What Are The Benefits of Using A Boundary Wire?
Before I dive into the ins and outs of the latest technology, I wanted to touch on what it’ll be replacing and whether it’s something you need in your garden.
Traditionally, robotic lawn mowers make use of a boundary wire which is laid around the perimeter of the lawn by the owner. The mower is programmed not to go past this wire and once it’s installed, there’s not much you have to do to it. Unless it breaks, which is one of the main reasons that getting rid of boundary wires is such a popular notion.
However, boundary wires do have their place within the robot mower world. For example, if you want to make some changes to your garden and redesign the shape of the lawn, it’s as simple as moving the wire. The wire sends signals back to the base and then to the mower so no matter where you place it, the mower will respond accordingly.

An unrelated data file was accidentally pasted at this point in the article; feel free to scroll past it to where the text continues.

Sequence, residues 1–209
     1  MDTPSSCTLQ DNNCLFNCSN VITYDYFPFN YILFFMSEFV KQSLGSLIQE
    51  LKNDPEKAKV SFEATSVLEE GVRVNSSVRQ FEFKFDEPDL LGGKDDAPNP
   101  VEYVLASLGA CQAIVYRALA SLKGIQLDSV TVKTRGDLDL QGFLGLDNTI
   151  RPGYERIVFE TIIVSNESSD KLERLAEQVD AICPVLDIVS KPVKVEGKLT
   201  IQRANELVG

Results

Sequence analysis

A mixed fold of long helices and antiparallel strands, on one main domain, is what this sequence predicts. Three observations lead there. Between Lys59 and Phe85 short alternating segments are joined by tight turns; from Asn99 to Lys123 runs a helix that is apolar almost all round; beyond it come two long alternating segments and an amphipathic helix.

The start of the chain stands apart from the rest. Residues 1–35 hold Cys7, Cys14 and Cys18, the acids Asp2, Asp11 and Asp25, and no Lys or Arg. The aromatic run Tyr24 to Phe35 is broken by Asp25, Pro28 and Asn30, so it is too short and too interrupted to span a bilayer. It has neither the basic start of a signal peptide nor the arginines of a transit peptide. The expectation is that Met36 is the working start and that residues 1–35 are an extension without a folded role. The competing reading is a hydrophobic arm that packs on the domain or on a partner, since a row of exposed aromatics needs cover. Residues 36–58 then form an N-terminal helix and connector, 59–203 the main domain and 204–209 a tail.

What’s more, troubleshooting tends to be much easier when you use a boundary wire. If something goes wrong then it’s pretty easy to see whether there is an issue with the wire and whether it needs to be adjusted or replaced.
As I’ve discussed, up until now, most robotic mowers have relied on a boundary wire to prevent them from mowing outside a specified area. This is a system that works relatively well but it isn’t without its flaws. For example, it’s not uncommon for the boundary wire to break during activities like lawn aeration or trimming. They can even be damaged by ground movement, animals and other things outside of your control.
So what’s the solution? Well, mower manufacturers have come up with two new and innovative ways for robotic mowers to move around and there isn’t a boundary wire in sight!
Real Time Kinematics (RTK)